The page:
The Rules for Requesting an NP School Letter of Recommendation

Applying to a nurse practitioner program this year? As part of your application packet, you will need to submit a few letters of recommendation. Who do you plan to ask? And, more importantly, how will you ask? The method by which you request a letter of recommendation can have a significant impact on the quality and outcome of the letter itself. Not to mention, an appropriate ask is essential for receiving a positive reply. Aspiring nurse practitioner students should keep the following rules in mind when requesting a letter or recommendation. 

1. Ask the right professor, not the one that gave you the highest grade

Nurse practitioner schools typically require that students submit at least one recommendation from a college or graduate school professor. Think carefully about who you will ask. Your most effective approach? Reach out to the professor with whom you have the most extensive interaction. You may have received a 'B' in biochem but frequented office hours to show your commitment to the course. While your 'A' performance in Microbiology is objectively better, your prof may not remember you among the other 100 students in your section if you didn't participate. Request letters of recommendation from professors with whom you were most engaged. This gives your professor ammo for writing a letter that packs a punch. 

2. Position your request to be sure you'll receive a positive recommendation

Most professors and professionals won't refuse to write a letter of recommendation. But, depending on who and how you ask, it's quite possible he or she will copy and paste a generic online form. This doesn't necessarily hurt your chances of admission but it doesn't help. 

Rather than simply requesting a letter of recommendation, ask "Would you be comfortable writing me a strong letter of recommendation?". This gives your contact an out if he or she won't be able to offer a positive or thoughtful contribution to your nurse practitioner application package

3. Get a timeline in place early in the application process

People are busy and drafting a quality letter takes time. So, request letters of recommendation at least six weeks in advance if at all possible. Let your recommender know you will email them a reminder about your letter two weeks before it is due. A reminder about your letter here and there isn't obnoxious, but rather appreciated as teachers, healthcare providers, and others you might ask likely have a lot on their plate. 

4. Make suggestions about content

Letters of recommendation are best positioned to help your application packet shine if they are tailored to the specific nurse practitioner specialty to which you are applying. While you have spent a significant amount of time researching nurse practitioner programs, your recommender likely has not. Clue the individual writing your letter in as to your education and career goals. This way, they can reference them specifically in the letter. Providing the following information is helpful:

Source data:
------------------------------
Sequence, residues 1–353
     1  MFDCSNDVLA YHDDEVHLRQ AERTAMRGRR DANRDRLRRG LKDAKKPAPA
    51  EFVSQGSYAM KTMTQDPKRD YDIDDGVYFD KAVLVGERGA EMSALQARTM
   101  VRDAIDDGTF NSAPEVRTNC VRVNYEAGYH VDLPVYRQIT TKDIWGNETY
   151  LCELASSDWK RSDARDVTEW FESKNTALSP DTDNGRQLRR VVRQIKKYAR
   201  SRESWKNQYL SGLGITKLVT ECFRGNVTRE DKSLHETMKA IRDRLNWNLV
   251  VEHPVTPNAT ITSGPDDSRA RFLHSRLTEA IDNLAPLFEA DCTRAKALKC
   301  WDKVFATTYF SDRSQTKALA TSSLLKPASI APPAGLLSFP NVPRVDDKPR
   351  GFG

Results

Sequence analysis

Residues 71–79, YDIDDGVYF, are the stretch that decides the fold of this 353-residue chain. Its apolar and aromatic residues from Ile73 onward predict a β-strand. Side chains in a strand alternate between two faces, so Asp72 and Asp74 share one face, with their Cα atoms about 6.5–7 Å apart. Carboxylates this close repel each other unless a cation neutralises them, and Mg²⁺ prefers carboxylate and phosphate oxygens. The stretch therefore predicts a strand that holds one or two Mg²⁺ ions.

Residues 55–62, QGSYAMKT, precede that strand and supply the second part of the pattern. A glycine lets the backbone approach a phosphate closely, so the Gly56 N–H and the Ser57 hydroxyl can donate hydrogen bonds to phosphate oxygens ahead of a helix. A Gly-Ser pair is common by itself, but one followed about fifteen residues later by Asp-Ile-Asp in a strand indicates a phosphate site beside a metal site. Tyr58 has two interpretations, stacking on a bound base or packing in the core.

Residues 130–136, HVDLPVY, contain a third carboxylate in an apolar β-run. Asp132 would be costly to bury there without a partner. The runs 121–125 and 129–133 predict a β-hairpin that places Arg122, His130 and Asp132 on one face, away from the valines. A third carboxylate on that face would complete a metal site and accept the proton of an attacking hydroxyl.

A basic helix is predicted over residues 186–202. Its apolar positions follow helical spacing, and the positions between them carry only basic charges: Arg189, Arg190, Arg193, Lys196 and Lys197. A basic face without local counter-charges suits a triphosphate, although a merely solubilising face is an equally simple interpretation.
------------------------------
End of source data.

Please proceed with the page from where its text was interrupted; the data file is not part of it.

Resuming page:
Think about what makes you stand out as a nurse practitioner program candidateIf you want specific information included in your letter of recommendation, speak up!

4. Give specific instructions

Ensure that your letter of recommendation arrives on-time and in the right hands by providing specific, written instructions. If the letter must be mailed, provide a stamped, addressed envelope. If the letter must be submitted electronically, provide a link for doing so. If you are applying to multiple nurse practitioner programs, organize envelopes and necessary recommendation forms in a folder. Alternately, provide a USB flash drive containing all required electronic content in one place. Make it easy for the individual drafting your letter to help you. 

Who will you ask for an NP program letter of recommendation?

 

Comments

Hi, Erin! I will be applying to a graduate entry NP program this coming fall (2016). I have been out of school for 10 years (so I haven't had contact with my undergrad professors in a long time!) and have been taking my prerequisites in the evening after working my full-time job for the day. I have found that it is difficult to engage instructors when taking evening classes, as the class typically ends around 9-10pm, and they don't seem to be too keen on staying after class to chat. In short, I am having a hard time figuring out who to ask to write my letters of recommendations. I have received A's in all of the classes so far, but haven't really been able to "connect" with any of my instructors. Do you have any suggestions?

Brianna Cassidy